While most of the media have gone on to other things – such as Judd Gregg’s change of heart about taking a job as President Obama’s commerce secretary – a Los Angeles Times writer has provided an enlightening update on that $700 billion bailout package the Bush gang got Congress to approve before leaving town. According to Times writer Josh Meyer, the FBI has so many open cases involving suspected “illegal activity” in the mortgage mess that the agency can’t find the manpower to follow up effectively.
Meyer quotes “top FBI and Justice Department officials” as blaming mortgage fraud “and other types of corporate criminal behavior” for contributing to the current economic crisis. Meyer reports the law enforcement agencies have more than 2,300 open investigations into suspected “illegal activity” in the mortgage business and 38 cases directly linked to the housing market’s collapse.
“Those investigations are already straining the resources of the FBI and the Justice Department, FBI Deputy Director John Pistole and Acting Assistant Attorney General Rita Glavin said in testimony before the Senate Judiciary Committee,” Meyer wrote.
Reading Meyer’s article, I concluded there may be hanky-panky not only in the mortgage racket but also in the distribution of the bailout money. Here are a few excerpts from the article:
The problems will worsen exponentially as the economy plunges, and as the Obama administration and Congress spend more than $1 trillion in various bailout and stimulus packages in an effort to forestall foreclosures, corporate bankruptcies and a prolonged economic depression, (Pistole and Glavin) said. Pistole said he expected the number of major investigations to rise into the many hundreds, focusing on big-name companies that “everybody knows about,” and to be similar in scope and complexity to the massive probe of energy company Enron Corp. after its collapse in 2001…. The sheer volume of cases is so overwhelming, he said, that agents can focus only on those “systematically trying to defraud the system,” including lawyers, brokers and real estate professionals…. Neil Barofsky, the inspector general of the government’s financial rescue package, told the panel that making an example of some high-profile lawbreakers is the best use of the government’s limited resources.…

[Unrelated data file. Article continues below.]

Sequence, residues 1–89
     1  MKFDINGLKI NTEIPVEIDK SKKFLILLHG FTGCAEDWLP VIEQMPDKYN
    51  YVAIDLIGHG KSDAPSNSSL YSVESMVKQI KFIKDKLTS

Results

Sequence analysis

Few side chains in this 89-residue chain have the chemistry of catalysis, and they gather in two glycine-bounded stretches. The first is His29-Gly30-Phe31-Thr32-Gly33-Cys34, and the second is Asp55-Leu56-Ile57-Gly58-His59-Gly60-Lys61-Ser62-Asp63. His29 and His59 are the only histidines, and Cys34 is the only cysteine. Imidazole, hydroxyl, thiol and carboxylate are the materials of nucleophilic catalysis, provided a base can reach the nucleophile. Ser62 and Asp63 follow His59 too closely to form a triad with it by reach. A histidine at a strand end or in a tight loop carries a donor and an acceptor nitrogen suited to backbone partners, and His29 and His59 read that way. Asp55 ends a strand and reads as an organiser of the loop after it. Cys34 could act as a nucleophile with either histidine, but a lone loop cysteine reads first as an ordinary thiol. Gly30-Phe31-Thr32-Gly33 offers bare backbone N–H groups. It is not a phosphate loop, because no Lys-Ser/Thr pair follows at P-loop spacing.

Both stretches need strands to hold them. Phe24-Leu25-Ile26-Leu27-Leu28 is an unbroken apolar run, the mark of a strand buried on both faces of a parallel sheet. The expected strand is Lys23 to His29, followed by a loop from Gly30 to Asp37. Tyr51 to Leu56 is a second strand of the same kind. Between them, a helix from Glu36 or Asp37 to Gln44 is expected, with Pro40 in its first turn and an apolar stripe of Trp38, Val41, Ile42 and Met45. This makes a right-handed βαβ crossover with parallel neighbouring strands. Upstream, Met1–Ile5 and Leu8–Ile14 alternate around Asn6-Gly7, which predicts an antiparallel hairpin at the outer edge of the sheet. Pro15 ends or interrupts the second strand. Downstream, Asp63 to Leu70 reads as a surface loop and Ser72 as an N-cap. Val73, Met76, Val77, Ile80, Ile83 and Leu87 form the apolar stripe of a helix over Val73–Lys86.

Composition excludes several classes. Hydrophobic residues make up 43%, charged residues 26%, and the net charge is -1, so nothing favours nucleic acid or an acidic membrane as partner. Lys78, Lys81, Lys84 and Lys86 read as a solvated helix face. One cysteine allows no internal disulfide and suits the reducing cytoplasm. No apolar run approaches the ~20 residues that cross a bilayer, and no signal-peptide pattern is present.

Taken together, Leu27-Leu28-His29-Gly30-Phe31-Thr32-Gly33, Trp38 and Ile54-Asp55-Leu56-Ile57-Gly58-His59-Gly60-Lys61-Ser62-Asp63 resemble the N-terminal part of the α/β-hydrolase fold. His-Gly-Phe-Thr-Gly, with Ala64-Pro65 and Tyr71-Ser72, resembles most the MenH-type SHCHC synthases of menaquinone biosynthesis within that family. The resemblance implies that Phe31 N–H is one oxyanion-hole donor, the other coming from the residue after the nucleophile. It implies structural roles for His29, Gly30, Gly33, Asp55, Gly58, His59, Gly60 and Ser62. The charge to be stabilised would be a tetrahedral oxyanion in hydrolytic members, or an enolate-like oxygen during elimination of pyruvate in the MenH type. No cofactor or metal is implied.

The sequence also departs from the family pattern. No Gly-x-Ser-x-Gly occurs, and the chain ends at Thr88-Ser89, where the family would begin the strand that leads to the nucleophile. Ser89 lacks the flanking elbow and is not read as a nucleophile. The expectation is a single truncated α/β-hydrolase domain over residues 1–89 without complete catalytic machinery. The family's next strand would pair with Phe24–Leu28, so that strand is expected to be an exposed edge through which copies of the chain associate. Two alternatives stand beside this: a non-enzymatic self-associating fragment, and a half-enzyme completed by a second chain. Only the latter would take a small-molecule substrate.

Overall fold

High-profile lawbreakers? Hmmm. I wonder who those could be? I’ve blogged off and on about this massive (and scarily secretive) bailout of the high rolling losers in the U.S. banking system. The deal reminds me too much of the Savings & Loan scandal back in the late Eighties. It turned out that organized crime was behind the looting of the S&Ls, apparently with complicity in high places. How high up will the trail lead this time? I have no doubt that people will go to jail, as they did last time. But will the masterminds behind the scheme get caught? Or will some lower-level operatives “take the rap” (again)?